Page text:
|Semivowels||palatal||42 य y|
|lingual||43 र r|
|dental||44 ल l|
|labial||45 व v|
|Sibilants||palatal||46 श ç|
|lingual||47 ष ṣ|
|dental||48 स s|
|Aspiration||49 ह h|
a. To these may be added a lingual ḻ ळ, which in some of the Vedic texts takes the place of ड ḍ when occurring between two vowels (54).
6. A few other sounds, recognized by the theories of the Hindu grammarians, but either having no separate characters to represent them or only very rarely and exceptionally written, will be noticed below (71 b, c, 230). Such are the guttural and labial breathings, the nasal semivowels, and others.
7. The order of arrangement given above is that in which the sounds are catalogued and described by the native grammarians; and it has been adopted by the European scholars as the alphabetic order, for indexes, dictionaries, etc.: to the Hindus, the idea of an alphabetic arrangement for such practical uses is wanting.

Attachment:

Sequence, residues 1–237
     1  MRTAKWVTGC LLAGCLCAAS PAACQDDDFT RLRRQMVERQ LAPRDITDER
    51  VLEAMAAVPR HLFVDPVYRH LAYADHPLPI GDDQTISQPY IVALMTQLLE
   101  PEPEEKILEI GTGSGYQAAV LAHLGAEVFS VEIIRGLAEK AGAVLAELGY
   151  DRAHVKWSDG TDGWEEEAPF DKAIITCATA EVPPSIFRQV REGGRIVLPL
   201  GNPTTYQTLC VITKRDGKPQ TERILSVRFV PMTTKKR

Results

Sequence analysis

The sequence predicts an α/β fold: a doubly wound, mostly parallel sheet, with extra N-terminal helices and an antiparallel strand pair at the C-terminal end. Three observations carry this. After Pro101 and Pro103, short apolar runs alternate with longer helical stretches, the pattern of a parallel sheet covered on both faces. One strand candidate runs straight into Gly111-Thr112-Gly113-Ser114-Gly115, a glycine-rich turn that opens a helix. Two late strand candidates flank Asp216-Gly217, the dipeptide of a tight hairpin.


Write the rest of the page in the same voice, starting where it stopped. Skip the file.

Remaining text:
a. In some works (as the Petersburg lexicon), a visarga which is regarded as equivalent to and exchangeable with a sibilant (172) is, though written as a visarga, given the alphabetic place of the sibilant.
8. The theory of the devanāgarī, as of the other Indian modes of writing, is syllabic and consonantal. That is to say, it regards as the written unit, not the simple sound, but the syllable (akṣara); and further, as the substantial part of the syllable, the consonant or the consonants which precede the vowel — this latter being merely implied, or, if written, being written by a subordinate sign attached to the consonant.
9. Hence follow these two principles:
A. The forms of the vowel-characters given in the alphabetical scheme above are used only when the vowel